Pyrethrum has long been preferred for household and agricultural applications. But recent research is revealing new power and new uses for this old and tested insecticide. Combined with a synergist, natural pyrethrum is one of the fastest-acting insecticides known. Even before it kills, it knocks down and paralyzes insects almost immediately. When it encounters pyrethrum, the insect is thrown into a state of nervous disorder. It runs from its hiding place and scuttles around erratically, or adopts a confused flight pattern. Both responses show that the insect has lost all control of its central nervous system. This contact effect is called activation. Recent practice exploits the activation effect by adding small amounts of pyrethrum to a routine residual agricultural formulation.
Pyrethrum activates hidden insects, driving them from cover and into contact with the main insecticide. This "flushing" action has been most successful in the control of such hard-to-hit pests as the cotton bollworm and the gypsy moth.
Recently, researchers have identified a subtle effect that occurs even before activation takes place: jamming. The jamming phenomenon suggests new uses for pyrethrum in the battle against malaria. To show how jamming works, you need only a cage full of voracious female mosquitoes and some extremely brave volunteers. Those who put their bare arms in the cage can expect to get some 20 to 50 bites per minute. But if the cage is exposed to trace amounts of pyrethrum for only five minutes and the arm is reinserted, no bites are recorded, even though the insects otherwise seem completely normal. Apparently small amounts of pyrethrum can jam the "black box" of the insect's food-searching mechanism. The insect forgets to eat as it were. Because of this effect, low-level pyrethrum applications have been shown to reduce the risk of malaria carried by indoor mosquitoes.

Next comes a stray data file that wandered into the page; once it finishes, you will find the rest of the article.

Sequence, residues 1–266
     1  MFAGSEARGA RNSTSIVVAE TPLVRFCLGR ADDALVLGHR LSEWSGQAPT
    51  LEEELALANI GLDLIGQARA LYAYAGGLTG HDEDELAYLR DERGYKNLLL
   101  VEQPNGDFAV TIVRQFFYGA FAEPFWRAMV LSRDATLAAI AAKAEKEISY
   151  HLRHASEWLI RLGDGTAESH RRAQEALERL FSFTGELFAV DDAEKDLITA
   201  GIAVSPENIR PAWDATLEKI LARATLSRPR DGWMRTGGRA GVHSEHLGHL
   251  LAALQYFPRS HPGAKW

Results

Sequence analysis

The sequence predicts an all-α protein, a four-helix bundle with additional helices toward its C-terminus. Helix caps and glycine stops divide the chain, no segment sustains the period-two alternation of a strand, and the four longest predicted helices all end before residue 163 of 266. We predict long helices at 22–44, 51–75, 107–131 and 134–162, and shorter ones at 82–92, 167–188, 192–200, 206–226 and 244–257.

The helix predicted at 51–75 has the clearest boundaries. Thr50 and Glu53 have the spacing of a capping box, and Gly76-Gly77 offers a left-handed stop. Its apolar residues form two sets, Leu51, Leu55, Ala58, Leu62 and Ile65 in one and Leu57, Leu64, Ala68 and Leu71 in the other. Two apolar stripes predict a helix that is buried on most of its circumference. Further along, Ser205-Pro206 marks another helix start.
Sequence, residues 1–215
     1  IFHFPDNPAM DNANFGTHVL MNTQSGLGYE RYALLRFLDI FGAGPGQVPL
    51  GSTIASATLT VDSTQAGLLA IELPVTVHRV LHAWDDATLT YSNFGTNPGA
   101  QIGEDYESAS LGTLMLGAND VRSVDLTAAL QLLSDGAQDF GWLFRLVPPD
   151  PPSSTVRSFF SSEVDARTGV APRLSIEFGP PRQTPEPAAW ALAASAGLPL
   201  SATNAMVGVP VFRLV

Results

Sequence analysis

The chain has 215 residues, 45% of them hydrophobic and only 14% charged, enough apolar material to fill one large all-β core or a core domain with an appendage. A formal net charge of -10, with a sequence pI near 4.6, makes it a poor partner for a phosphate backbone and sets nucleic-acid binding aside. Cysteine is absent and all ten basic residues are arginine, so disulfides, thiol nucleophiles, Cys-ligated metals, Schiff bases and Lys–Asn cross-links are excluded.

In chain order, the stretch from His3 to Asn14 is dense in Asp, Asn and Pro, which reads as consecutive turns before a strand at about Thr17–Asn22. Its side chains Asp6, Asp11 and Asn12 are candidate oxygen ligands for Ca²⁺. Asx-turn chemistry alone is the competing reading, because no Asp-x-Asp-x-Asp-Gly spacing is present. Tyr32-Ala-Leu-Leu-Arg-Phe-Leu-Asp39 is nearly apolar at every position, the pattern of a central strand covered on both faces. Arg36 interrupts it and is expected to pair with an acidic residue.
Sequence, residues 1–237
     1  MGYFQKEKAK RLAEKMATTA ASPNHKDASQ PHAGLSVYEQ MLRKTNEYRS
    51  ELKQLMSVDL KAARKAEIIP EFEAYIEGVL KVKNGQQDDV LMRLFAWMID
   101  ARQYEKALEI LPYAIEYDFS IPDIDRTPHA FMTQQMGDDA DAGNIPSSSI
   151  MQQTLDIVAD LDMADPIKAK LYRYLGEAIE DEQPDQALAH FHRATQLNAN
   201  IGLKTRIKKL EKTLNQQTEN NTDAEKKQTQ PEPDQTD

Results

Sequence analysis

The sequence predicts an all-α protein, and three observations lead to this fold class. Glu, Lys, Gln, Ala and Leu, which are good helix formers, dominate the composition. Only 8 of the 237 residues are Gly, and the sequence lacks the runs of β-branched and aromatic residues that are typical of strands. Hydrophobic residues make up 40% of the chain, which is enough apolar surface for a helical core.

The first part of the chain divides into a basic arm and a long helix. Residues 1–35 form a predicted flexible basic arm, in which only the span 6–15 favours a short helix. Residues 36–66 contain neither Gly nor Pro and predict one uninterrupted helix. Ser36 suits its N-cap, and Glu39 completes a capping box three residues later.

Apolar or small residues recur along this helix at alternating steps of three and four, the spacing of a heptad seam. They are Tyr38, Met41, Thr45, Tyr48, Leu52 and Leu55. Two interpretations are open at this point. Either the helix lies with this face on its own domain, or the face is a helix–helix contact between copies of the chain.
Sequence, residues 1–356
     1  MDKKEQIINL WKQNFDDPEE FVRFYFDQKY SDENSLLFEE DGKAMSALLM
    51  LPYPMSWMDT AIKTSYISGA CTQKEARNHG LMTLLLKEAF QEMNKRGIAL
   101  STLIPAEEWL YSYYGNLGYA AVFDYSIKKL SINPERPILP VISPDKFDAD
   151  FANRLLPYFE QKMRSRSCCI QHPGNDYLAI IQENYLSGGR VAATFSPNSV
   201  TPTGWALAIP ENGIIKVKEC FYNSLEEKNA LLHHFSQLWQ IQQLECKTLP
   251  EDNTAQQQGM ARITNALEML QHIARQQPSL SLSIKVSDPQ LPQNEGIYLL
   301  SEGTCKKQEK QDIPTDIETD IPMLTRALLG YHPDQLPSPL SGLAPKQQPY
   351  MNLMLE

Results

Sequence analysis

There's more to pyrethrum's bag of tricks. The reason is not fully understood, but insects do not become resistant to natural pyrethrum. After decades of use, no insect population has ever developed significant pyrethrum resistance. Intense study of the pyrethrum, molecule has produced the related synthetic materials, pyrethroids. But so far science has not devised a synthetic that combines the speed, effectiveness, activation effects and biodegradability of natural pyrethrum.